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Share with your friends: Spicy eggplants with couscous

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My friends have asked me over several times to cook for them. And last week, when we were 12 people, I fumbled on what to cook for so many people? Vegetarian and on a budget? Difficult task but I came up with this fresh and spicy mix.

Couscous made of granules of durum wheat is ideally cooked by steaming, or, if you have the instant type, just infuse it in hot water, without boiling it. I love that it doesn’t have the same quantity of gluten as white pasta, which is usually my first option when feeding the many. I like to add a little vegetable stock to the water so the couscous is tastier. After it’s cooked I love to pair it with fresh vegetables, making it almost like a fresh salad, thus fooling some of the vegetable haters to eat them fresh.

And to top it off, I consulted with my favorite chef, my boyfriend, and we chose a spicy eggplant version of a sauce. The spicy part is toned down by the couscous and the other way around.


What you need:

Spicy eggplants

4  medium eggplants

2 onions

Lemon zest

1 Turkish zucchini

2 carrots

Olive oil

1 ts cumin

2 ts Lebanese Sevenspices (or read this if you can’t get any)

Tomato sauce

700 g tomatoes

1 medium onion

Salt pepper

1 ts Chili powder

Herbs: basil, parsley, dill, tarragon, rosemary


2 cups of couscous (they will double their volume)

300 g cherry tomatoes,

2 peppers


Vegetable broth

Fresh parsley


Lemon juice

How to make it:

Start with the tomato sauce. Blend all the ingredients in a blender, taste. It must be spicier than you would like, because some of the hotness will get lost while cooking.

Dice the eggplants and the zucchini, finely slice the carrots. Chop the onions.

Sauté the onions, and after they become translucent, add the spices with the carrots. When using powder spices it’s important to add them early in the cooking process so they can release all their flavor.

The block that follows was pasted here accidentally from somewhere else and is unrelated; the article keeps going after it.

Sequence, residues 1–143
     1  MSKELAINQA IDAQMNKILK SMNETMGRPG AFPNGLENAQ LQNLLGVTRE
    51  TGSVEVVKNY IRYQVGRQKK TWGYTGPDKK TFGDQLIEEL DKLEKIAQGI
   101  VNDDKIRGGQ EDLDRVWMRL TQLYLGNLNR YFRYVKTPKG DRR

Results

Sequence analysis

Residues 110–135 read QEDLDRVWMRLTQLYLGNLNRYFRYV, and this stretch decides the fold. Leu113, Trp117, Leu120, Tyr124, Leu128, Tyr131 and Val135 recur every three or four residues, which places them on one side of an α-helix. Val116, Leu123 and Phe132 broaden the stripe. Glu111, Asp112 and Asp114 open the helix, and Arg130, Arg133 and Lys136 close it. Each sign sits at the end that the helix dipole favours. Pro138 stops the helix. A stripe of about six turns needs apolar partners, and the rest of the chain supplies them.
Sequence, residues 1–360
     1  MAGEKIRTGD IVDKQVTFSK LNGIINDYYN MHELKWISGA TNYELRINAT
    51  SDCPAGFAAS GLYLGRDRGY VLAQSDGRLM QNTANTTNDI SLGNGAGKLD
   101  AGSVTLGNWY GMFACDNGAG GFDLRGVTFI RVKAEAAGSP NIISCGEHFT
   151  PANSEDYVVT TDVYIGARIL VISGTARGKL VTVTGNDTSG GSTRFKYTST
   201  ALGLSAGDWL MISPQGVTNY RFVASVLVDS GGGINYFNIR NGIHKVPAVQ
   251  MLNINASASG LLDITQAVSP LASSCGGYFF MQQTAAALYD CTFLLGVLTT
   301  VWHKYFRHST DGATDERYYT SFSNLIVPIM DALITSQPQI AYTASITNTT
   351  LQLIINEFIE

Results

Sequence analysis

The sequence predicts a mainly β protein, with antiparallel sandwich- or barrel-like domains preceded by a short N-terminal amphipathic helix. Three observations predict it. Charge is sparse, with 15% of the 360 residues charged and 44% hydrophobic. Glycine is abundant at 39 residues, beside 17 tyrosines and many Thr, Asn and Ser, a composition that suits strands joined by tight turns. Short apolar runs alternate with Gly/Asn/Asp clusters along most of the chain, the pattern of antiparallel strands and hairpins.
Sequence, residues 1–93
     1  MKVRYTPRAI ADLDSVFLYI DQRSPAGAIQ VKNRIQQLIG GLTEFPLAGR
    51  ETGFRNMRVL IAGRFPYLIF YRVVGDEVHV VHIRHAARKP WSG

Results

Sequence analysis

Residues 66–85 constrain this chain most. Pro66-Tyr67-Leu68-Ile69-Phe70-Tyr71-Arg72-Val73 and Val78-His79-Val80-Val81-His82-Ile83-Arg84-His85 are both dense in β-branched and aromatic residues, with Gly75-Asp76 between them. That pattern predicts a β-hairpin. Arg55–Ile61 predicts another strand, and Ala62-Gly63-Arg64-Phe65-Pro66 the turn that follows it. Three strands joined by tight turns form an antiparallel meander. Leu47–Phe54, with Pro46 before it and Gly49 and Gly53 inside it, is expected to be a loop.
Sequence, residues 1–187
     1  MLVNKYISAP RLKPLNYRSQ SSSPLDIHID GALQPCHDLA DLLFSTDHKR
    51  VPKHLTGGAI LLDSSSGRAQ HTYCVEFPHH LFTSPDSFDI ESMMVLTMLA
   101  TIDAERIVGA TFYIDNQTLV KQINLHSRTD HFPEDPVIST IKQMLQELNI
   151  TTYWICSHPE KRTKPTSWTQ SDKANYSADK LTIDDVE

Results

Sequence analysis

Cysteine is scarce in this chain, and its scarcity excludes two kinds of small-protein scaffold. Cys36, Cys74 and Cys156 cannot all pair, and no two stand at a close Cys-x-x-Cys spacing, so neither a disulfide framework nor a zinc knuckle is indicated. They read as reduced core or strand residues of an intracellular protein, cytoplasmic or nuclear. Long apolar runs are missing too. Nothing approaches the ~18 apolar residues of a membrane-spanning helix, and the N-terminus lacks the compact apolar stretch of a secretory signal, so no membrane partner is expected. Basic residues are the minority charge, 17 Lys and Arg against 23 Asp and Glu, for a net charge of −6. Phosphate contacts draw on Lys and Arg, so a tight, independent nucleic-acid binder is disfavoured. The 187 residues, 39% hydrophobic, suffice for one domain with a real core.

Afterwards add the zucchinis. Cover to keep the water and prevent from burning. After 5 minutes add the eggplants. Mix well, so you blend the spices well. The eggplants must sit a while, about 30 min at a low burn. They will reduce by half. When they have reduced stir well one more time and add the lemon zest.

Then you can pour the tomato sauce. Mix well and cover again. Let it cook at a minimum heat for about 20 minutes, or until the sauce gets to a simmer. Taste and leave it 5 minute more if the sauce is not well cooked.


Meanwhile put some water to boil mixed with some vegetable broth and a spoon of olive oil. You need 5 cups of water at 2 cups of couscous, because it grows 2 ½ times. When the water boils add a spoon of salt. In a minute pour the couscous, cover the pot and turn off the heat. This is the instant couscous method; the traditional way would involve steaming it on a colander. If you have extra time, go ahead and try it. I already had 12 people starving and staring at me.

While the water was boiling I halved the cherry tomatoes, diced the peppers, chopped the parsley and squeezed the lemon juice. After 5 minutes the couscous should have absorbed all the water. Add some butter for taste and mix it to make it fluffy. Add the tomatoes and the peppers, then the lemon. Mix well and taste.

The spicy eggplants should be served on the couscous, but you might want to eat it separately.

All in all cooking for 12 people in about 45 minutes it’s a time saver. And everybody licked their fingers at the end.



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